Robert Burton.

The anatomy of melancholy : what it is, with all the kinds, causes, symptoms, prognostics, and several cures of it : in three partitions, with their several sections, members, and subsections, philosophically, medically, historically opened and cut up : with a satirical preface, conducing to the fol online

. (page 44 of 48)
Online LibraryRobert BurtonThe anatomy of melancholy : what it is, with all the kinds, causes, symptoms, prognostics, and several cures of it : in three partitions, with their several sections, members, and subsections, philosophically, medically, historically opened and cut up : with a satirical preface, conducing to the fol → online text (page 44 of 48)
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Every man seeks his ^acquaintance, his kindred, to match
with him, though he be an oaf, a ninny, a monster, a goose-
cap, uxorem ducat Danaen;\ when and whom he will, kunc
optant generum Rex et Regina ^he is an excellent * match

i Epist. alt. ad Atticnm. * Our cubicnlis leponi solita. Julius Oapitoli»>

young master, a fine towardly gentleman, nus, vita Antonini. ^Petronius.

God bless him, and hopeftil ; why ? he is * Theologi opulentis adluerent. Jnrispe-

heir apparent to the rirht worshipful, to riti peouniosis, literati nummosis, liberal-

the right honourable, &c. 3 num- ibus artifices. 7 Multi ilium Juyenes,

mi, nummi : yobis huno prsestat bono- multse petlere puellss. t " He may

rem. * Exinde sapere eum omnes dici- have DanacS to wife." ^ Bammodo sit

mus, ao qulsque fortunam habet. Plant., dives, barbams illo placet
Paeud. 6 Aurea fortuna, principum

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458 Gatises of Melancholy, [Part. I. sue. 2.

for my son, ray daughter, my niece, &c. Quicquid calcaverti
hicy Rosa Jiet, let him go whither he will, tiiimpets sound,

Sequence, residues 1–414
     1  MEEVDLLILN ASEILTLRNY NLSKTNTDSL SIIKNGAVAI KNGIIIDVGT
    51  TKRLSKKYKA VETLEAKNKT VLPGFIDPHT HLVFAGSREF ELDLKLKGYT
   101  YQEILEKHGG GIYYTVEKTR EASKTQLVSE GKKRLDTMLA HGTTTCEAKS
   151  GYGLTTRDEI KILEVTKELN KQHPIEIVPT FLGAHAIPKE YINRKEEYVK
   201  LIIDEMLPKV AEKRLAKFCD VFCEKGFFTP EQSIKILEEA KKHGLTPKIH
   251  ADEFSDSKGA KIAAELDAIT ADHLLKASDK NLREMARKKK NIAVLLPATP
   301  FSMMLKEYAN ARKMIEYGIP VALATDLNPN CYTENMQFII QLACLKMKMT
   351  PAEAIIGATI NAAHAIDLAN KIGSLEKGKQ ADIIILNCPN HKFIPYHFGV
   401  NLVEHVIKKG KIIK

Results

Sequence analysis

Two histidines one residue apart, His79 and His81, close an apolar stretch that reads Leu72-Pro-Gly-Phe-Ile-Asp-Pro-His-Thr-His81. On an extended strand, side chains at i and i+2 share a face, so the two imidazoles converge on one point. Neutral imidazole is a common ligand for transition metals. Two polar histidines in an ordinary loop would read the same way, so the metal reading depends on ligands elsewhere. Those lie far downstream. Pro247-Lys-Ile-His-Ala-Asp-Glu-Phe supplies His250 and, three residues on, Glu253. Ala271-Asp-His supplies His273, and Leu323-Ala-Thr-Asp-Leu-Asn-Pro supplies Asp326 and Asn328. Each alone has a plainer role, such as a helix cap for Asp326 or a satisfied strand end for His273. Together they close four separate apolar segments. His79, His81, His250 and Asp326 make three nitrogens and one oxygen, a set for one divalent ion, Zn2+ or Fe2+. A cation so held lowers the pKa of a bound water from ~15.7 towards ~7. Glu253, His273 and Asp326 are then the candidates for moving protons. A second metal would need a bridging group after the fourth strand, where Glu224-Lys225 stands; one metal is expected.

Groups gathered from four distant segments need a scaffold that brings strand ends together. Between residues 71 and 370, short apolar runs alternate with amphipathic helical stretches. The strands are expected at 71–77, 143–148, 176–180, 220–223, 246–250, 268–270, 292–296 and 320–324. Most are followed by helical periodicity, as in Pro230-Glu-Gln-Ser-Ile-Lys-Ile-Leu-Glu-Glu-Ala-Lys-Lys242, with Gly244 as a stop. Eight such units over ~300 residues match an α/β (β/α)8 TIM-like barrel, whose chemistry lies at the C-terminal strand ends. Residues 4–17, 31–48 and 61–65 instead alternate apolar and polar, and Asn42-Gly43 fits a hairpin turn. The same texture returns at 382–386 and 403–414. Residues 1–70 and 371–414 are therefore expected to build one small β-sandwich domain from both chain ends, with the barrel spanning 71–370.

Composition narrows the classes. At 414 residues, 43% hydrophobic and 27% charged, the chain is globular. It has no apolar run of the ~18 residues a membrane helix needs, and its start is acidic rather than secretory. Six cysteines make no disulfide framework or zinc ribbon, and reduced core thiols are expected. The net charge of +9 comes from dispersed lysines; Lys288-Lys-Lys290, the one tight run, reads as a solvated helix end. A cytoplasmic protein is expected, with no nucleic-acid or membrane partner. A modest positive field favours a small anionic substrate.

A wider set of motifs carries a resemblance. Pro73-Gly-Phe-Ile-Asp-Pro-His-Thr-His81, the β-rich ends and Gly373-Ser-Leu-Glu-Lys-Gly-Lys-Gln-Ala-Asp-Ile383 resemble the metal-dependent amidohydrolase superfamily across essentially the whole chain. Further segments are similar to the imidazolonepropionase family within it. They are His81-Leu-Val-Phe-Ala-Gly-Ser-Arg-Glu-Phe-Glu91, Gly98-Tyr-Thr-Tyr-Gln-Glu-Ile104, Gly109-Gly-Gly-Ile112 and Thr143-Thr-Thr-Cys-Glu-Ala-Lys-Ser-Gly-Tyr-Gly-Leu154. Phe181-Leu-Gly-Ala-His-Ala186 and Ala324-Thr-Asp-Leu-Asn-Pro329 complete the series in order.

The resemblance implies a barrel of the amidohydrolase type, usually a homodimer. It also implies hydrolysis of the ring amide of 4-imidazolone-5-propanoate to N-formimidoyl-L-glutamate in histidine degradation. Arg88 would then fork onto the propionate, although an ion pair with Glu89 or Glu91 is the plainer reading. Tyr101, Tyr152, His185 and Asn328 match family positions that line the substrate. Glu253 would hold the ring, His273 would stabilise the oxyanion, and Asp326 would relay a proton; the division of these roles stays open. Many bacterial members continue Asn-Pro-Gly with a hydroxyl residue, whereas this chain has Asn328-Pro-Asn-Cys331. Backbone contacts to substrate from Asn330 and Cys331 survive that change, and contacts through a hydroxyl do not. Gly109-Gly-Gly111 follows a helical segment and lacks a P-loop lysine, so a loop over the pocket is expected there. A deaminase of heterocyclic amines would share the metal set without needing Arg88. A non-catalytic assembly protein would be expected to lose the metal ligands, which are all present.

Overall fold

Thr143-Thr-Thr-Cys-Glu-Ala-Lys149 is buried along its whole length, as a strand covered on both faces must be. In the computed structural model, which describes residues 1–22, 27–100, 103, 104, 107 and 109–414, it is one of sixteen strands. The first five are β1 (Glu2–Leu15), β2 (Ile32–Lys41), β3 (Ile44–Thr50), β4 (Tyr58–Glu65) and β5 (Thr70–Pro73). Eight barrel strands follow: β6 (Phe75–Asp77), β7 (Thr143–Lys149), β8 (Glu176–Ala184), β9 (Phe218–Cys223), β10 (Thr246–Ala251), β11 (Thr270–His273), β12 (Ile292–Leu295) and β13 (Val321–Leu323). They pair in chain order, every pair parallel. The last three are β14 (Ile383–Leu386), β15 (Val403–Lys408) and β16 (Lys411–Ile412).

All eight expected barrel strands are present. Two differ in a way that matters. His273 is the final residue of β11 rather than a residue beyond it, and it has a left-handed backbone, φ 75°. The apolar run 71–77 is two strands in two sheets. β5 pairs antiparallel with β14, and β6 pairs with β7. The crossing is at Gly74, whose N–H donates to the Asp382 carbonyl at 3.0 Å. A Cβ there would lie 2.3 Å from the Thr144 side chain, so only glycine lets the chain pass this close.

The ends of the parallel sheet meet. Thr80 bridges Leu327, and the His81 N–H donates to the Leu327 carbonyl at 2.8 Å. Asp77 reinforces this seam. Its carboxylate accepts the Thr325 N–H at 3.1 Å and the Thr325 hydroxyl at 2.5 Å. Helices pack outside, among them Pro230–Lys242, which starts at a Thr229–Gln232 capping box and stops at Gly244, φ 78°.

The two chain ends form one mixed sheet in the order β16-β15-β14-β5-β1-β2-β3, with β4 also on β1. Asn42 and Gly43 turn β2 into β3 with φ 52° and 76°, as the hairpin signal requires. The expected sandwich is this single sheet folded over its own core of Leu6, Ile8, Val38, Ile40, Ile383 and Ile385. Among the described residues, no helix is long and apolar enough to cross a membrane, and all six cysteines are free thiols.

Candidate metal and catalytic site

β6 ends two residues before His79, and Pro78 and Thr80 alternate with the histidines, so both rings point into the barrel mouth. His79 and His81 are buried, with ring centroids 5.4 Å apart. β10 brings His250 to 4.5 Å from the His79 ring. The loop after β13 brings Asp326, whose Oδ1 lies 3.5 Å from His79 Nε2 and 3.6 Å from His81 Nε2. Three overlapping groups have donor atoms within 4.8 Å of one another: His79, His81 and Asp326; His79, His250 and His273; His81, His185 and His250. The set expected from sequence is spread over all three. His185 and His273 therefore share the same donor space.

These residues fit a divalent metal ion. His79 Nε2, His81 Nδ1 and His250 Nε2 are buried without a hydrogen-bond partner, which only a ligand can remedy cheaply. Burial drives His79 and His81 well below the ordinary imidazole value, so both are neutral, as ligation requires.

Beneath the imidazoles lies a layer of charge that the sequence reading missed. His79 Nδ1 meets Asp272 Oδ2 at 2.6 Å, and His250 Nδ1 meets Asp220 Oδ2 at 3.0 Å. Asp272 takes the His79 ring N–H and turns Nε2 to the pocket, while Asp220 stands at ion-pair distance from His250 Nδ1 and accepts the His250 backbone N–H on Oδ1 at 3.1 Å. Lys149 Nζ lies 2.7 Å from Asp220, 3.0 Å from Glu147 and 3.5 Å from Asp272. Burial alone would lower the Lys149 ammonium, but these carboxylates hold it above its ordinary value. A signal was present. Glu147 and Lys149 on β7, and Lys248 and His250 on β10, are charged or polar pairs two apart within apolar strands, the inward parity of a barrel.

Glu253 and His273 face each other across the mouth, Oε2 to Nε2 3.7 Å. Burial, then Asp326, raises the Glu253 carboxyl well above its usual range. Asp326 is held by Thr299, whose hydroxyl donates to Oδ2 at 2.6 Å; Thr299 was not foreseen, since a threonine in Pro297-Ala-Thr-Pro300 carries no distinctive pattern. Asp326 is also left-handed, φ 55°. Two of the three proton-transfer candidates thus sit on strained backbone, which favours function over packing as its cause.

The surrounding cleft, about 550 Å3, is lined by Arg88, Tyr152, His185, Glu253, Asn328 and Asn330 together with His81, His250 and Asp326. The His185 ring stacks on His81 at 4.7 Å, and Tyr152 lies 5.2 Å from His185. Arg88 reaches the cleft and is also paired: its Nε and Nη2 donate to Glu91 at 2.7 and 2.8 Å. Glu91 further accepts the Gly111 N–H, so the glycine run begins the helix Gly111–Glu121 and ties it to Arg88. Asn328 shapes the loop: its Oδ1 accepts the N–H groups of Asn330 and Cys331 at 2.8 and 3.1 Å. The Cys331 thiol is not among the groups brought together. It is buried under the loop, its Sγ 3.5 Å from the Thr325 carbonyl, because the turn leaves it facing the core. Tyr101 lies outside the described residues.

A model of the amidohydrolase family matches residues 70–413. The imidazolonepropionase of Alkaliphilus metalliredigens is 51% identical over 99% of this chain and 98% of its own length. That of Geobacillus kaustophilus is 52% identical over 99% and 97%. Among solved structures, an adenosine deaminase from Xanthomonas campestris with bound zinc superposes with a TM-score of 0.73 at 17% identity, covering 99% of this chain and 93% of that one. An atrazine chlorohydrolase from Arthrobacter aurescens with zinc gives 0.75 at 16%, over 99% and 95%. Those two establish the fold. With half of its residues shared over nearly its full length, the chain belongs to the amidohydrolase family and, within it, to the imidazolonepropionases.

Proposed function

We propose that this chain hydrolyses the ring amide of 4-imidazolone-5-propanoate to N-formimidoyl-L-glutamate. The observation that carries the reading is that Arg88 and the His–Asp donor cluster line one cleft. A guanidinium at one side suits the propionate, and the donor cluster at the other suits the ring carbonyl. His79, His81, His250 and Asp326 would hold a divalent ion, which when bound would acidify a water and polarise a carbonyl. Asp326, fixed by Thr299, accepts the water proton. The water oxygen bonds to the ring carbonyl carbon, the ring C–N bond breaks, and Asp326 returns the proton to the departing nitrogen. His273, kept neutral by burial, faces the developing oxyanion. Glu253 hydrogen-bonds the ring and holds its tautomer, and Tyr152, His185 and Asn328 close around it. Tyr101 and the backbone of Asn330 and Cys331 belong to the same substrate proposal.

bells ring, &c, all happiness attends him, every man is will-
ing to entertain him, he sups in ^Apollo wheresoever he
comes ; what preparation is made for his ^ entertainment I fish
and fowl, spices and perfumes, all that sea and land affords.
What cookery, masking^mirth to exhilarate his person !

• ^ Da Trebio, pone ad Trebium, vis firater ab illis

What dish will your good worship eat of ?

* ** dalcia poma,
£t qaoscnnque feret cultos tibi fUndus honores.
Ante Larem, gastet venerabilior Lare dives.**

•* Sweet apples, and whate'er thy fields afford.
Before thy Gods be served, let serve thy Lord.*'

What sport will your honour have ? hawking, hunting, fish-
ing, fowling, bulls, bears, cards, dice, cocks, players, tumblers,
fiddlers, jesters, &c, they are at your good worship's com-
mand. Fair houses, gardens, orchards, terraces, galleries,
cabinets, pleasant walks, delightsome places, they are at
hand : ^ in aureta lac, vtnum in argenteis, adolescenhdcB ad
nutum specioscB, wine, wenches, &c., a Turkish paradise, a
heaven upon earth. Though he be a silly soft fellow, and
scarce have common sense, yet if he be bom to fortunes (as I
have said), ^jure hcereditario sapere jvhetur, he must have
honour and office in his course : ^Nemo nisi dives hovKxre dig-
nus (Ambros. offic. 21,) none so worthy as himself; he shall
have it, atgns esto quicquid Servius aut Labeo. Get money
enough and command f kingdoms, provinces, armies, hearts,
hands, and affections ; thou shalt have popes, patriarchs to be
thy chaplains and parasites; thou shalt have (Tamerlane-
like) kings to di-aw thy coach, queens to be thy laundresses,

1 Pint, in Lncnllo, a rich chamber so elad stmt animis, lofty spirits, brave men
called. « Panis pane melior. « Jnr. at arms; all rich men are generous, con-
Sat. 6. * Hor. Sat. 5, lib. 2. < Bo- ra eous. &c. t Numm as ait pro ro#
bemus de Tnrcls et Bredenbach. & Eu- nubat Comubia Romas,
phormio. * Qui peouniam habent.

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Mem. 4, sabs. 6.] Poverty and Want, Oatises. 459

emperors thy footstools, build more towns and cities than
great Alexander, Babel towers, pyramids, and mausolean
tombs, &c, command heaven and earth, and tell the world it
is thy vassal, auro emitur diadema, argerUo caelum pandituvy
devKwriiLS philosophum conducit, nummusjus cpyit, oholus lite"
ratum pascit, metaUum samtatem conciliate ces amicos conffhUt"
nat, * And therefore not without good cause, John de